The quiz show idea originated from an effort to improve Monday night business, and began as 'The Midnight Flyers'. It soon evolved into a quiz/music format, with comedy as well. Kyser became the 'Ol' Professor' of the now named 'College of Musical Knowledge'. Also responsible for inventing 'singing song titles' (which bandleader Sammy Kaye imitated and would claim HE invented), Kyser and the band scored a Brunswick record contract in 1935, and began having hits. 

In February of 1938, the American Tobacco Company purchased the program and it soon began airing nationally every Wednesday night for Lucky Strike cigarettes. By this time, Kyser had gained some prominent vocalists in Ginny Simms, Harry Babbitt, Sully Mason, and comedian/cornetist, Ish Kabibble (real name Merwyn Bogue). The radio show was an immediate success, aimed mainly at teens, and shortly thereafter Hollywood called, and the band made 7 feature films between 1939 and1944, and appeared in two others. Some of Kay’s costars were Lucille Ball, Boris Karloff, Mickey Rooney, and John Barrymore.

Some of Kyser's biggest hits included 'Three Little Fishies', 'Jingle, Jangle, Jingle', 'Who Wouldn't Love You', 'Two Sleepy People', and many, many more. Kyser was also the first performer to broadcast from a military facility (before Bob Hope), and the distinction is noted in the National Archives. Swing legend Glenn Miller was quoted as stating the only bandleader he envied was Kay Kyser. Donating all his time to performing for WW2 personnel. Kyser racked up over 1800 military camp shows. After the war, Kyser had had enough, and needed a break. He had made enough money to retire comfortably, and attempted to do so, but was forced to satisfy contracts until the end of 1950.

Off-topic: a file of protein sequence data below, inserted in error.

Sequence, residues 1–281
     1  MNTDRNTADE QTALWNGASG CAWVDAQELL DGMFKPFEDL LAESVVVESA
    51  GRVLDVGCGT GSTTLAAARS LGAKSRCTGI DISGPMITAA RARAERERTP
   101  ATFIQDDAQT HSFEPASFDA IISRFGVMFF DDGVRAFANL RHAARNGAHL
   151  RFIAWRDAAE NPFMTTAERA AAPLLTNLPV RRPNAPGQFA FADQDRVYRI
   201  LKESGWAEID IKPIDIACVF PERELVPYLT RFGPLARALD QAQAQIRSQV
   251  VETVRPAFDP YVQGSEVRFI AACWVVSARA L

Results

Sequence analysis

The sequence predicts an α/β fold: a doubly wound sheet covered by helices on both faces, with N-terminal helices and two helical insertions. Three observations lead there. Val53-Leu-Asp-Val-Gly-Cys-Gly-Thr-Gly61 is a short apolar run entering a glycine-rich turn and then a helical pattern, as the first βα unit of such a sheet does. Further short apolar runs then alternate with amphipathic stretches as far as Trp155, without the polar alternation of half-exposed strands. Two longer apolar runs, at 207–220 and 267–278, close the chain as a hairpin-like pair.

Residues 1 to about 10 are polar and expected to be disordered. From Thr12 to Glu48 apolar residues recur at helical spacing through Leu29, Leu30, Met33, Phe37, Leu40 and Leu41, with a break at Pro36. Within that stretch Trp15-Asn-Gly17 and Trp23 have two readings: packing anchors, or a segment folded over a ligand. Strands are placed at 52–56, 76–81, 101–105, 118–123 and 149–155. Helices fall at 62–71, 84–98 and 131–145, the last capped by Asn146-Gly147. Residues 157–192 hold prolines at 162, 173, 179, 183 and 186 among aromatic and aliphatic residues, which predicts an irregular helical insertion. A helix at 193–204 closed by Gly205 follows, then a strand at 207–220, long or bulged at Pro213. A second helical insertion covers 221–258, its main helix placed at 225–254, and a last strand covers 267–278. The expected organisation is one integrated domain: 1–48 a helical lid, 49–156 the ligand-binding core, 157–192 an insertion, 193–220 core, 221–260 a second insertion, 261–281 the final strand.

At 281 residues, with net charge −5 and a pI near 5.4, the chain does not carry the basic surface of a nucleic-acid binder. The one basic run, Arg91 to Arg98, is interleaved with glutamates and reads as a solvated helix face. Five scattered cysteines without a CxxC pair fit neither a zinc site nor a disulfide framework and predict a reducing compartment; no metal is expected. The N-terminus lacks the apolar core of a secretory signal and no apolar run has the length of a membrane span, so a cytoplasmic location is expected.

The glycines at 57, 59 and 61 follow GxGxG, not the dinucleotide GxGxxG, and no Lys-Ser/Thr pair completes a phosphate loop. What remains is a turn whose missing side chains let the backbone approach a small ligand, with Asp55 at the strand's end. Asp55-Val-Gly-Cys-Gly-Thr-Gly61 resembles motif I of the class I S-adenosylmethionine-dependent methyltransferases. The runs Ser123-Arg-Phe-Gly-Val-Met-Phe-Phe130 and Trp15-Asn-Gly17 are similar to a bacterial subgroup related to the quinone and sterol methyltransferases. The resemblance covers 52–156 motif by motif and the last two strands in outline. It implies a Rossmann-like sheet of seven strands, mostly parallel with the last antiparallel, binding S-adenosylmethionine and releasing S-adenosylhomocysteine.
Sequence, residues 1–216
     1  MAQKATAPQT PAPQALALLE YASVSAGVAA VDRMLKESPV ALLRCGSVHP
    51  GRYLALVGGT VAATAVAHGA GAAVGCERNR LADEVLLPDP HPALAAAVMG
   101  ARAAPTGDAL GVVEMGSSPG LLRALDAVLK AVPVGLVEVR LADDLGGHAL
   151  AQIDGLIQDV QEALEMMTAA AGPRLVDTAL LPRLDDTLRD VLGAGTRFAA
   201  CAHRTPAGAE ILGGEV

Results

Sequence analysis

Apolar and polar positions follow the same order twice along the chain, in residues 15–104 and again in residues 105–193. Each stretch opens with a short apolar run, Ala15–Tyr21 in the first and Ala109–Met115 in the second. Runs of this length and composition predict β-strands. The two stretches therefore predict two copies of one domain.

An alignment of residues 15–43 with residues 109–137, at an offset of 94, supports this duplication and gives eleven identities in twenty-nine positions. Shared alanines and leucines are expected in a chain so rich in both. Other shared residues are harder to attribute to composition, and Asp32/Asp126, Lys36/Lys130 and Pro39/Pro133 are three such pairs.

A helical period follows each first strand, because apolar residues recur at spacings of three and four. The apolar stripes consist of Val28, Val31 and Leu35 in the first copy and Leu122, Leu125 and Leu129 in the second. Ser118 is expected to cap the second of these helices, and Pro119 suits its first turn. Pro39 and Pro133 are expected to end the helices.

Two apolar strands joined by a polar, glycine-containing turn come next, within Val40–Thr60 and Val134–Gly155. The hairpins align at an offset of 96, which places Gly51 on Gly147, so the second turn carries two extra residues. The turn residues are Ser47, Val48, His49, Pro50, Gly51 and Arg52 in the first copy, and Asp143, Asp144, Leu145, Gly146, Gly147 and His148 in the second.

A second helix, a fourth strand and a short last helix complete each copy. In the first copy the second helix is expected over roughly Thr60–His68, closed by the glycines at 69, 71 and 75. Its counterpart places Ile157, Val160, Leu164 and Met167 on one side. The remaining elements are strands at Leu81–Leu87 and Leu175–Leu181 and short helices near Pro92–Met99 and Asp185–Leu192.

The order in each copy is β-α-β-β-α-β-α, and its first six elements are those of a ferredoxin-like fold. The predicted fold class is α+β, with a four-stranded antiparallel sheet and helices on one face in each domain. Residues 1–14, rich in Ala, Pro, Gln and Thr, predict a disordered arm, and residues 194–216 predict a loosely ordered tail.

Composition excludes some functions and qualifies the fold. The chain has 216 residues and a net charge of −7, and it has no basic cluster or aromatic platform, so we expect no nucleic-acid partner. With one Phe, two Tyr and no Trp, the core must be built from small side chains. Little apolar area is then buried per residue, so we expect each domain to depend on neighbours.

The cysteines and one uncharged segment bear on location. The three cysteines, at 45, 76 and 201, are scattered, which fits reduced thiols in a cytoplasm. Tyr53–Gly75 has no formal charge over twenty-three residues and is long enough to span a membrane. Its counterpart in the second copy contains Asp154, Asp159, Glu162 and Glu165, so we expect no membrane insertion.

Marrying one of his later vocalists, model /actress 'Gorgeous' Georgia Carroll in 1944, and eventually raising three daughters, Kyser quit abruptly once his contracts were satisfied to return to small town life in North Carolina, specifically Chapel Hill, home of UNC. He refused interviews about his big band successes, and became a public servant, raising funds for NC hospitals and other state benefits. He even helped bring Public Television to his home state. Kyser had contracted a serious arthritic condition in his lower legs during the war, and unable to get a specific diagnosis from specialists, turned to Christian Science, and was healed. He then began a life long commitment to the church of CS, and became a teacher, then lecturer. Kay eventually became President of the Worldwide Church of Christian Science. When asked about it, the Kyser humor came alive. “It’s an honorary title for past performance. I haven’t been elected Pope or anything.” Kyser believed in living in the present. When asked ‘What happened in your day?” Kyser would reply, “My day is TODAY.”